I haven't been taken in by a book in such a way since I read Ender's Game. The book is written from the first person, in the present tense, so it gives a completely different feel to the story than the usual kind of story, narrated by someone detached from the main characters, in the past tense. Here, the main character doesn't know what is coming, so nothing can really prepare us.

The gift of this story, though, is in its vivid description. Every emotion, every detail of Katniss' surroundings are given in such a way that feels completely natural, and it gives the reader a reference for everything. When Katniss and Gale are out hunting in the first few pages, it feels completely real.

The world is a post-apocalyptic one, where a new nation has been built upon the remains of North America. The Capitol is in the Rocky Mountains, surrounded by twelve district colonies. Katniss is from District 12. There used to be a thirteenth, but it was completely destroyed by the Capitol during the uprisings. Since then, with twelve districts providing food and raw materials, Capitol has grown more powerful and plush, while the Districts have grown poorer. District 12, which mines coal, is one of the poorest.

After the uprisings, the Capitol enacted the Hunger Games. Every year, two people are chosen from each district to fight each other to the death. It is barbaric, but some districts prepare for it all year long, and everything is televised. Everybody is required to watch. All this, because it comes from Katniss' point of view, is given in anger- and resentment- filled snippets, but it is easy enough to piece together. Katniss' world is given in such a way that nothing is actually told in story form, but rather she describes little pieces of her world and the reader can put it together from what is told. It is taken for granted that the reader already knows this world, which is impossible on a first read, but it gives us the chance to explore it with her, rather than being told what it is. I love that kind of assumption, as it doesn't allow the story to stop in order to tell some history. Only a talented writer can do this effectively.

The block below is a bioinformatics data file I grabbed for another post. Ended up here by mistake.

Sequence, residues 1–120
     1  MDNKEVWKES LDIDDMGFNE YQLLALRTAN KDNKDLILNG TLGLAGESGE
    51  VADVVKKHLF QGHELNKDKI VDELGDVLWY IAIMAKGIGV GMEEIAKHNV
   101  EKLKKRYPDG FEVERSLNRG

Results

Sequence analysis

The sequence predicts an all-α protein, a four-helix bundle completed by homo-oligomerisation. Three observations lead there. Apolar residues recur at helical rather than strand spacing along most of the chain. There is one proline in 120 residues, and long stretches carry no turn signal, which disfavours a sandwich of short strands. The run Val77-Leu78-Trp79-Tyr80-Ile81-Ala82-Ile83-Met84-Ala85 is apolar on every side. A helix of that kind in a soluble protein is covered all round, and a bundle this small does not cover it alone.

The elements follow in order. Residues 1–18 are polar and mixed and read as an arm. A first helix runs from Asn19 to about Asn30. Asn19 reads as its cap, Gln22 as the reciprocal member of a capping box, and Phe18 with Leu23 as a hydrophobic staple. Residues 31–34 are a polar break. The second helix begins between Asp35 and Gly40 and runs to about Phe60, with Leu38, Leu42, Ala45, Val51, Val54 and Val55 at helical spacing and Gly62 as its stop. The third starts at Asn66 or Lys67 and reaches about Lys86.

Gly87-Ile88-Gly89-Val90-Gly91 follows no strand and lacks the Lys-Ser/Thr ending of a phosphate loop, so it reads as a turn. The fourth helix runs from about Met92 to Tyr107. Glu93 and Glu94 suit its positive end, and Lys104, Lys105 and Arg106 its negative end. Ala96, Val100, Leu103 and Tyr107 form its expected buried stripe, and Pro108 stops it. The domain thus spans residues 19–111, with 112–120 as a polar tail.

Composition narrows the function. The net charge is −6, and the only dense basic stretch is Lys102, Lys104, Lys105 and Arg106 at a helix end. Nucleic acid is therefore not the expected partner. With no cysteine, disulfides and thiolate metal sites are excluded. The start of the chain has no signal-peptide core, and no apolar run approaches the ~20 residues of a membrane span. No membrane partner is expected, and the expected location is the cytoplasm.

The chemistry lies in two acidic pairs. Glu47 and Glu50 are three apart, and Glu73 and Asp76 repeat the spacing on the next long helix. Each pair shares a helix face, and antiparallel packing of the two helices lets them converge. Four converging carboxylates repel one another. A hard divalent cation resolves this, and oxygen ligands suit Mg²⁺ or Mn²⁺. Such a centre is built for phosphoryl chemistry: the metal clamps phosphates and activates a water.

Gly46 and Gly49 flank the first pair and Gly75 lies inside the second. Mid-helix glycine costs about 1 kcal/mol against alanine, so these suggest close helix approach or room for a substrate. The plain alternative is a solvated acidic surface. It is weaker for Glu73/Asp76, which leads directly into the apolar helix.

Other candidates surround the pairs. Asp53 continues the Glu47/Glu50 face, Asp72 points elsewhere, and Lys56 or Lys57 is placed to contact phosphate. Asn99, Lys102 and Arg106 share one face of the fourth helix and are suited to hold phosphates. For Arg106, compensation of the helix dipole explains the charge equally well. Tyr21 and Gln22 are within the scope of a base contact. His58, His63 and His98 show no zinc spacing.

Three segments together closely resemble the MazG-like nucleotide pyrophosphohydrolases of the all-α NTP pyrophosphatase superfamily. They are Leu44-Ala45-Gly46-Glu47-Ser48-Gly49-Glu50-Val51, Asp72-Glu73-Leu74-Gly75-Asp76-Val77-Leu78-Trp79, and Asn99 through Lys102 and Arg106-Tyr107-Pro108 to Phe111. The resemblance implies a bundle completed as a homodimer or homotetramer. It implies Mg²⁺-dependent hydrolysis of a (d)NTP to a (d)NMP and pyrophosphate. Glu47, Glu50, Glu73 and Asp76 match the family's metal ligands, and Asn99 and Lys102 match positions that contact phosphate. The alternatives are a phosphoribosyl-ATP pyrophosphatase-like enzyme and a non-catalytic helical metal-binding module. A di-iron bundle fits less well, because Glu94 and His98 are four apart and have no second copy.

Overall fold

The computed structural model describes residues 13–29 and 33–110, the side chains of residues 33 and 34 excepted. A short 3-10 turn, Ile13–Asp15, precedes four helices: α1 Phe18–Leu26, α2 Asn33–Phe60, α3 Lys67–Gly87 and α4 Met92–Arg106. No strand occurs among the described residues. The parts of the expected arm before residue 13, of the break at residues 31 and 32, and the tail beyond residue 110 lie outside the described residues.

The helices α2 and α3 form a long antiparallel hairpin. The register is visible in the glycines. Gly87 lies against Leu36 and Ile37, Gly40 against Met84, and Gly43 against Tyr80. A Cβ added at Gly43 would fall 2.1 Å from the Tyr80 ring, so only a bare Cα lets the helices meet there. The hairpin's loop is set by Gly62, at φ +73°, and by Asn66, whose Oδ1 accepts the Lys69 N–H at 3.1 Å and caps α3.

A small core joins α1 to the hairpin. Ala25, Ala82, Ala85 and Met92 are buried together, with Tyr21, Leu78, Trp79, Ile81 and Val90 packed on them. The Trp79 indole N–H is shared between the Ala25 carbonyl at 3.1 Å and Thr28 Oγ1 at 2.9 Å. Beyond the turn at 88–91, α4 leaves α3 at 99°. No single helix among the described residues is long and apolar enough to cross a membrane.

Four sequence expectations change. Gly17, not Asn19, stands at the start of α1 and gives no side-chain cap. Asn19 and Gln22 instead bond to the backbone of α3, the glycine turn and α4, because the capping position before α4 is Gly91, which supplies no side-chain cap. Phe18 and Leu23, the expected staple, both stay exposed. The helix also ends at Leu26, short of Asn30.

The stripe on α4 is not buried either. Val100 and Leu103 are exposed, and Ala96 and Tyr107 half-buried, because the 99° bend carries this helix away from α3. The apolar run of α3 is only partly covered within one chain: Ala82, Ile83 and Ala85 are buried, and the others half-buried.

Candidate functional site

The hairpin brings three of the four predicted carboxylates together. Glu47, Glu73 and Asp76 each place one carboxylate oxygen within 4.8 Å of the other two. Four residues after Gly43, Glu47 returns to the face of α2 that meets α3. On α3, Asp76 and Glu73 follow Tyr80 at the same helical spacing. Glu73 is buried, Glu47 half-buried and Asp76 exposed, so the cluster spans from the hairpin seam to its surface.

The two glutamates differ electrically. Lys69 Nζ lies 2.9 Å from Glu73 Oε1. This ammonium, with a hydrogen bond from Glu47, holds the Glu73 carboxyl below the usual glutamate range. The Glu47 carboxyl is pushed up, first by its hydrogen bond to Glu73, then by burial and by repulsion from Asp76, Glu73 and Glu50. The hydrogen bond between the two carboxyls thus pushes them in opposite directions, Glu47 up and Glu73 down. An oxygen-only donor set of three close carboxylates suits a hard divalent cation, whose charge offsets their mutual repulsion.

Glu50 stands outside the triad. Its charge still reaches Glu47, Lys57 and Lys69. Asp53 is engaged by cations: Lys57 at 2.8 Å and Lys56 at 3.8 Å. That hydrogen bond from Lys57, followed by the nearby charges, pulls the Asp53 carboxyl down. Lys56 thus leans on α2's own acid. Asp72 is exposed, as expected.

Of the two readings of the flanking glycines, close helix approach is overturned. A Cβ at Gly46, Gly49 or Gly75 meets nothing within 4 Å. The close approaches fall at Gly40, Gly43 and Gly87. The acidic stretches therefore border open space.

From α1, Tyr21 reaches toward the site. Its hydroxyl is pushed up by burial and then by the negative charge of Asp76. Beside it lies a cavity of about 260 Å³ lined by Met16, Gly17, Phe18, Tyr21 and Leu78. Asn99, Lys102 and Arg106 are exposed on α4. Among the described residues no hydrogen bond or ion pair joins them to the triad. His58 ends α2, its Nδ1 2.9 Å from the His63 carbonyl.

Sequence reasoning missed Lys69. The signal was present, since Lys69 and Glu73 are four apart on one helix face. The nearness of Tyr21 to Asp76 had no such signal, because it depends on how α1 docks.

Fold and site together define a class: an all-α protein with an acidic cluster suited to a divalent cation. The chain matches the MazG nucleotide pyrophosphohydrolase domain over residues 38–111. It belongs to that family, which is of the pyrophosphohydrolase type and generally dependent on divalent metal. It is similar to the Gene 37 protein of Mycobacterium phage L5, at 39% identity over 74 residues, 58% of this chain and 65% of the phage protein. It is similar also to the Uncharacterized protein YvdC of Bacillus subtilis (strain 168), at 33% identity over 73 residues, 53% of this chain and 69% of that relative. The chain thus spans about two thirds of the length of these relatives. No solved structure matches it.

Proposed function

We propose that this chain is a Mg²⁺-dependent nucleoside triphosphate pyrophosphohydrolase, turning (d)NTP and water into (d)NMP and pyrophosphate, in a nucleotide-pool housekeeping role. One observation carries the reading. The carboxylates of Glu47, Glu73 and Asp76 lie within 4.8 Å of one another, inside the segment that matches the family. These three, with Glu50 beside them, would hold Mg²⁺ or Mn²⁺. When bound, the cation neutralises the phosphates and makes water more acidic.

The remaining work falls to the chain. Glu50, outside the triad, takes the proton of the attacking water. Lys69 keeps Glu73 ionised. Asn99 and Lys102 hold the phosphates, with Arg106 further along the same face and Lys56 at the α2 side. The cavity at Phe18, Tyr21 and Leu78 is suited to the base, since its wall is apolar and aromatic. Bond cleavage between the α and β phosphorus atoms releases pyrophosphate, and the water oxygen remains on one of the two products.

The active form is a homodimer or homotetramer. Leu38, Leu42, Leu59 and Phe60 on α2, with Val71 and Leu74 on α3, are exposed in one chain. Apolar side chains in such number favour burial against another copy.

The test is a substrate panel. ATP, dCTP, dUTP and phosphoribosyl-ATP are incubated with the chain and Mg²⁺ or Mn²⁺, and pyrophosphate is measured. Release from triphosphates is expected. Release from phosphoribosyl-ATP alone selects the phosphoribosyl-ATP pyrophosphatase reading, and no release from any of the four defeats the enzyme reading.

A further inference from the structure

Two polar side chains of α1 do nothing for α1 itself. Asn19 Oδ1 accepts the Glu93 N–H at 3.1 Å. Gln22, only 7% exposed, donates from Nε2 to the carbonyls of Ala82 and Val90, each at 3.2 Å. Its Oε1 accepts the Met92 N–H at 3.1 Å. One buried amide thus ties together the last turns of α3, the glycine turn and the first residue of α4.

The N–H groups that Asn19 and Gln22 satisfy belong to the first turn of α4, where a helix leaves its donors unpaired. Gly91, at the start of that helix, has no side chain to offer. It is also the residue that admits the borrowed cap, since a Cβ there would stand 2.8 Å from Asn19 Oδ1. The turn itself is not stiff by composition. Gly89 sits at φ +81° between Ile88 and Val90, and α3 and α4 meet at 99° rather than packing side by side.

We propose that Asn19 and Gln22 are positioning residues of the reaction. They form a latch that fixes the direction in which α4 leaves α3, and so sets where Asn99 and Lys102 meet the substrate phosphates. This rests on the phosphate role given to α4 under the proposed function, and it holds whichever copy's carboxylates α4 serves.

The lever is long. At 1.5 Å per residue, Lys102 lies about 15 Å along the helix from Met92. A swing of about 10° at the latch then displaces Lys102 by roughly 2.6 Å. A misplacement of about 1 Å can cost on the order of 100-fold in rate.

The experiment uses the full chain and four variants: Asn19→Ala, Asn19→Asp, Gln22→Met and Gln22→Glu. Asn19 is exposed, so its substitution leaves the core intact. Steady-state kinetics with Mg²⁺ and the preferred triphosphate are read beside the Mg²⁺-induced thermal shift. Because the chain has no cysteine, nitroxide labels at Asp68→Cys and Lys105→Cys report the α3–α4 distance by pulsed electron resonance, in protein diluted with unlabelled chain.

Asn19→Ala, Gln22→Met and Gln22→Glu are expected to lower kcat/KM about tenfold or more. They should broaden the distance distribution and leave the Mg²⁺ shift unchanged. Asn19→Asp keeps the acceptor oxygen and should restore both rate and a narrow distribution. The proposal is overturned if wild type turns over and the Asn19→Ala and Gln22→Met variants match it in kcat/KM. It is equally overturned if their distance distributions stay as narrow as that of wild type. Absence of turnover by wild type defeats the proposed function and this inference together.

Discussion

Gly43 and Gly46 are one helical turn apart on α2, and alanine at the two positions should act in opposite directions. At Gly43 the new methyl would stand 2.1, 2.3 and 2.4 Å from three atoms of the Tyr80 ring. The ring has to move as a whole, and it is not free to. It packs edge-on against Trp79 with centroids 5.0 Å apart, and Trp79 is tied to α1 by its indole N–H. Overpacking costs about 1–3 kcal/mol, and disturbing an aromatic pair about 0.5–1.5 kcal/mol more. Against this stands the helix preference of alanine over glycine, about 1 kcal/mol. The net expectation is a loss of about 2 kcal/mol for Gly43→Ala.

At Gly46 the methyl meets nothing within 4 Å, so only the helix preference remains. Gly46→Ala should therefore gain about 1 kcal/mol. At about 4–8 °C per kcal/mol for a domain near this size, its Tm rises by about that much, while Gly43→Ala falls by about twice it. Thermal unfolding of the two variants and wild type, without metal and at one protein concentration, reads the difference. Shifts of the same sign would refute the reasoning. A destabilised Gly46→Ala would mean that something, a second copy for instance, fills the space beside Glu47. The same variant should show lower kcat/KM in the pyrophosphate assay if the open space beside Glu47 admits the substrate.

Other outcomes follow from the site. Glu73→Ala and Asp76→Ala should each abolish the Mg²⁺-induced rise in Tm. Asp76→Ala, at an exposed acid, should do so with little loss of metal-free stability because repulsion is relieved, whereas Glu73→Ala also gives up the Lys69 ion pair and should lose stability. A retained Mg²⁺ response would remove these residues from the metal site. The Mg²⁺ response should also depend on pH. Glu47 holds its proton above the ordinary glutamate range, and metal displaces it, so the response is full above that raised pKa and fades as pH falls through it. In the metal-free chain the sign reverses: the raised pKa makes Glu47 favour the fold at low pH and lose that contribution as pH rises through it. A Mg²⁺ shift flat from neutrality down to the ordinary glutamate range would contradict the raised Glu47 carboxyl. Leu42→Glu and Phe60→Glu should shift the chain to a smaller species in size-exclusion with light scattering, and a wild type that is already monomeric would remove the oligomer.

When Katniss' younger sister is chosen for the Hunger Games, Katniss volunteers instead. She has been hunting and providing for her sister and mother since her father was killed in a mine explosion years ago. Although the games scare her to death, she knows that she has a much better chance at surviving than Prim would. The other person chosen from District 12 is Peeta, a boy roughly her age who was kind to her once, giving her bread from the bakery his family owns, and incurring the wrath of his mother.

Throughout the training and the games, it is obvious that Peeta is infatuated with Katniss, but she can't take love seriously, vowing that she would never bring a child into this kind of world, either. So while she can pretend at love, she thinks Peeta is feigning, too, trying to trick her into thinking him good-natured, so he can stab her in the back later. Because there can only be one winner.

The training is interesting, because it gives Katniss a taste of the upper class world in Capitol. There, people treat the Games as a reality TV show, cheering on the violent deaths, and making them seem expendable. She gets her own make-up artist, who dresses her and Peeta in fire, and makes the world love her. Because the more people who love her, the more will sponsor her with things she needs inside the Games, such as food, medicine, and so on.